Voluntary guidelines for securing sustainable small-scale fisheries
In the Context of Food Security and Poverty Eradication
These Voluntary Guidelines for Securing Sustainable Small-Scale Fisheries in the Context of Food Security and Poverty Eradication have been developed as a complement to the 1995 FAO Code of Conduct for Responsible Fisheries (the Code). They were developed to provide complementary guidance with respect to small-scale fisheries in support of the overall principles and provisions of the Code. Accordingly, the Guidelines are intended to support the visibility, recognition and enhancement of the already important role of small-scale fisheries and to contribute to global and national efforts towards the eradication of hunger and poverty. The Guidelines support responsible fisheries and sustainable social and economic development for the benefit of current and future generations, with an emphasis on small-scale fishers and fish workers and related activities and including vulnerable and marginalized people, promoting human rights based approach.
It is emphasized that these Guidelines are voluntary, global in scope and with a focus on the needs of developing countries.
Small-scale and artisanal fisheries, encompassing all activities along the value chain – pre-harvest, harvest and post-harvest – undertaken by men and women, play an important role in food security and nutrition, poverty eradication, equitable development and sustainable resource1 utilization. Small-scale fisheries provide nutritious food for local, national and international markets and generate income to support local and national economies Small-scale fisheries contribute about half of global fish catches. When considering catches destined for direct human consumption, the share contributed by the small-scale fisheries increases to two-thirds. Inland fisheries are particularly important in this respect where the majority of the catches from small-scale fisheries are directed to human consumption. Small-scale fisheries employ more than 90 percent of the world’s capture fishers and fish workers, about half of whom are women. In addition to employment as full- or part-time fishers and fish workers, seasonal or occasional fishing and related activities provide vital supplements to the livelihoods of millions. These activities may be a recurrent sideline activity or become especially important in times of difficulty. Many small-scale fishers and fish workers are self-employed and engaged in directly providing food for their household and communities as well as working in commercial fishing, processing and marketing. Fishing and related activities often underpin the local economies in coastal, lakeshore and riparian communities and constitute an engine, generating multiplier effects in other sectors.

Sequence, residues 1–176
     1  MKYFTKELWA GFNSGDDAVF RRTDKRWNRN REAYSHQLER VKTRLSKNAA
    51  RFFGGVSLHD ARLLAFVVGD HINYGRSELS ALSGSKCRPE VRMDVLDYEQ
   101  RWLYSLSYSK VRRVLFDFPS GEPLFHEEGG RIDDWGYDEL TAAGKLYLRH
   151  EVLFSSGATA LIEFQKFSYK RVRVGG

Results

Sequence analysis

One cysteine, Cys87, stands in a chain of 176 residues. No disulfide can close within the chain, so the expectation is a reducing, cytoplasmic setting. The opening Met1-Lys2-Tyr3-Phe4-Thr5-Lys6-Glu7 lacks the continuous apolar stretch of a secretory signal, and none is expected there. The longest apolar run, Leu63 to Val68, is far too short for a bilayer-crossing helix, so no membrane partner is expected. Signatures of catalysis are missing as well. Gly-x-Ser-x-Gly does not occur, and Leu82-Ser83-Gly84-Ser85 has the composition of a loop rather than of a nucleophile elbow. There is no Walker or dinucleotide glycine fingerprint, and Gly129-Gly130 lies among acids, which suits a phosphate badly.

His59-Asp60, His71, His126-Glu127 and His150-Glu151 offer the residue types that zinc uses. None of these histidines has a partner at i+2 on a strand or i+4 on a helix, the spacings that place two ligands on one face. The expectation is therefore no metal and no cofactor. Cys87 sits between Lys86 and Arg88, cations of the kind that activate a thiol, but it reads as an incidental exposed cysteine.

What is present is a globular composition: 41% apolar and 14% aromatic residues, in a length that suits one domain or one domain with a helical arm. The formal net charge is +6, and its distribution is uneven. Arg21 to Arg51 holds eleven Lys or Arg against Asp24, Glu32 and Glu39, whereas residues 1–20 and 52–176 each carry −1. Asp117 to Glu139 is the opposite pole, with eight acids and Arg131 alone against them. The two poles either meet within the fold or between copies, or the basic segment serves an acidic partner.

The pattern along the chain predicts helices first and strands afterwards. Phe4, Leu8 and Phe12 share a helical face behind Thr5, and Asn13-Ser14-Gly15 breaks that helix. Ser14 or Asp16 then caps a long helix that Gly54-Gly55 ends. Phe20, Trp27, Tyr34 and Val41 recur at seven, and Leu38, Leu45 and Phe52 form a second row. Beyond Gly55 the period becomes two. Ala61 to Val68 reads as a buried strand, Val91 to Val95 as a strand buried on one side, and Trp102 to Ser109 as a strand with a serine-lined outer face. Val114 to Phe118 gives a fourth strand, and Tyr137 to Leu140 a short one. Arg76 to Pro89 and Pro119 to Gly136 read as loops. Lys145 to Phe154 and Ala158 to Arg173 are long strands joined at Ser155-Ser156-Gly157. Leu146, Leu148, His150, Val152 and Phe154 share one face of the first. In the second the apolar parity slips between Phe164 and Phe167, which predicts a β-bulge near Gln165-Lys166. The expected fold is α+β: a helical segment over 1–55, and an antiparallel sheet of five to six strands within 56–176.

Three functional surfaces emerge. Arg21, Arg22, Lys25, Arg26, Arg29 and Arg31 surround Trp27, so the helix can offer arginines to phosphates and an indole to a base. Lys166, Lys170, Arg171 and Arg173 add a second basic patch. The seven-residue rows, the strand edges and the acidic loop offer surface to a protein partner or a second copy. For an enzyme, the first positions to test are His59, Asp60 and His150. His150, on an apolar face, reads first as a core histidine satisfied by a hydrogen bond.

Part 1: Introduction
2. Nature and scope
3. Guiding principles
4. Relationship with other international instruments
Part 2: Responsible fisheries and sustainable development
5. Governance of tenure in small-scale fisheries and resource management
Responsible governance of tenure -
Sustainable resource management -
6. Social development, employment and decent work
7. Value chains post-harvest and trade
8. Gender equality
9. Disaster risks and climate change
Part 3: Ensuring an enabling environment and supporting implementation
10. Policy coherence, institutional coordination and collaboration
11. Information, research and communication
12. Capacity development
13. Implementation support and monitoring